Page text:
Progressive commentators have been piling on Rick Santorum for a weirdly incoherent statement he made about the state of American history classes in America's colleges. Here's what he said:
"I was just reading something last night from the state of California. And the state of California universities -- I think it's seven or eight of the California system of universities -- don't even teach an American history course. It's not even available to be taught. Just to tell you how bad it's gotten in this country, where we're trying to disconnect the people from the root of who we are...."
The derision Santorum has received is well-deserved. He messed up the facts badly: 10 of the 11 UC campuses do teach US history (the only exception is UC San Francisco, which is exclusively a graduate-level health sciences campus and offers no humanities classes at all).
It also misses the point. It's not news when a conservative says something that was flat-out wrong, or when liberals take smug satisfaction in demonstrating that they are (as usual) factually right. But there was something else Santorum said in that statement that was newsworthy and important -- and in our zeal to debunk the facts, many progressives are completely missing it.
It's Not About the Facts
The thing to remember is this: Even though right-wing narratives are often factually wrong, they are absolutely never content-free. Stories like this are always about something. And the weirder and more factually challenged they sound to liberal ears, the more important it probably is for us to know what that something is. Too often, our obsession with the gobsmacking wrongness of these statements deafens us to clues to the right's current motives and intentions that are frequently lurking in these strange declarations.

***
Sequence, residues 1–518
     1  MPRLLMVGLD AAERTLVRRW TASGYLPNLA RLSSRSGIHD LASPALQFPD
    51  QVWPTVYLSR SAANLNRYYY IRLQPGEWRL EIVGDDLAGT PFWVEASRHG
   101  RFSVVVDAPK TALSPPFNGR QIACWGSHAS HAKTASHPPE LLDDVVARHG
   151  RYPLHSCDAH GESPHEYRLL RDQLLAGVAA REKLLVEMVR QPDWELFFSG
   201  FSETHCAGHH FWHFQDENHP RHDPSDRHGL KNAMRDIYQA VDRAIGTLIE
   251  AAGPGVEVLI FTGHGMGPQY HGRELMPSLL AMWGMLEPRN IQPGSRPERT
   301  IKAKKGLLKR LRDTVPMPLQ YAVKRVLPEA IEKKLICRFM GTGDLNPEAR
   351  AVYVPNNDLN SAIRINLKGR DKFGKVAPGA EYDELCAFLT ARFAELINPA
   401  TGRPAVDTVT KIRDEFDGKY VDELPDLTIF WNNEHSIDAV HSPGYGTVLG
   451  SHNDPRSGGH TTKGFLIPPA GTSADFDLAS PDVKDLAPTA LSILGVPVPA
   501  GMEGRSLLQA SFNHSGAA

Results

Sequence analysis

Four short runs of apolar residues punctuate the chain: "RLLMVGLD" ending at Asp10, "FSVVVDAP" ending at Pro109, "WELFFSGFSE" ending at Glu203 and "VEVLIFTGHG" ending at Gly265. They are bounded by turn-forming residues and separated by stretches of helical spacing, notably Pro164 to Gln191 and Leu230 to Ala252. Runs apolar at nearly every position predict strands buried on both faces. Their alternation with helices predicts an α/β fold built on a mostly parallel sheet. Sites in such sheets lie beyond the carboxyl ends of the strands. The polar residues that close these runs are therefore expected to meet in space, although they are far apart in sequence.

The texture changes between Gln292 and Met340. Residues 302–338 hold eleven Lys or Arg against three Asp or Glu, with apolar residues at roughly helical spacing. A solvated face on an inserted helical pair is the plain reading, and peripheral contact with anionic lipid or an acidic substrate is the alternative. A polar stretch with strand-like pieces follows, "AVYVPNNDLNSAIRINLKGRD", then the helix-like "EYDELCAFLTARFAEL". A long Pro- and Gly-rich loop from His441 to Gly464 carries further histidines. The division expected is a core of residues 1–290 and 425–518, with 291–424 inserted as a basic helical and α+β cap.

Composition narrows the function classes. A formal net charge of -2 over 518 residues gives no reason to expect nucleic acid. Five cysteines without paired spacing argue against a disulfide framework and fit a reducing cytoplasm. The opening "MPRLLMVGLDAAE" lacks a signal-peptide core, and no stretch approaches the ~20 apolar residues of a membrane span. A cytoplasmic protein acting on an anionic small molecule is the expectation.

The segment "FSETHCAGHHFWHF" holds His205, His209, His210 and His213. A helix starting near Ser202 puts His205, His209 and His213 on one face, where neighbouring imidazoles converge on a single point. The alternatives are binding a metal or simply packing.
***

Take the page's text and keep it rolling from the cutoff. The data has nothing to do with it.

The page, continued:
I'm a native-born speaker of right-wing code. And what I heard in Santorum's ramble was, frankly, hair-raising. To my ears, it was a very loud and clear tip-off that conservatives are gearing up an all-out frontal assault on funding for America's public universities.
The Story Beneath the Story
Santorum's brief comment, incoherent as it seemed, communicated a great deal to his audience by artfully triggering a vast universe of essential right-wing memes. Consider what got communicated here.
The University of California may have 11 campuses, but in the right-wing mind, "UC" is code for just one of them -- UC Berkeley, the first and still-flagship campus, which holds a mythic position as Ground Zero for all of Dirty Hippiedom in the conservative imagination. If Satan is alive on earth, there is no doubt that his zip code is 94720. Everything conservatives loathe about the Evil 1960s is epitomized by the very word, "Berkeley."
Oblique as this already is, invoking UC and Berkeley also calls forth the ghost of Ronald Reagan -- always a good thing in conservative stories. Let it never be forgotten that Our Hero made his political bones by standing up to those Dirty Hippie brats while he was governor of California. He punished them by abolishing UC's free tuition -- which is still remembered by the faithful as the first historic salvo in the long war to defund all public services.
Furthermore: picking on UC was telling in another way. When conservatives seriously gather themselves to go after somebody, they always attack frontally, at their intended victim's point of greatest strength. (See also: swiftboating.) The University of California system has long been regarded as the best public university system in America, and Berkeley as the best single public university in the country. Santorum's story's focus on this particular system -- the biggest, baddest exemplar of its type -- is no random accident. It draws a bead on the strongest target on the field. This is almost always a clear sign that conservatives are lining up their artillery -- in this case, for an open assault on America's public colleges and universities.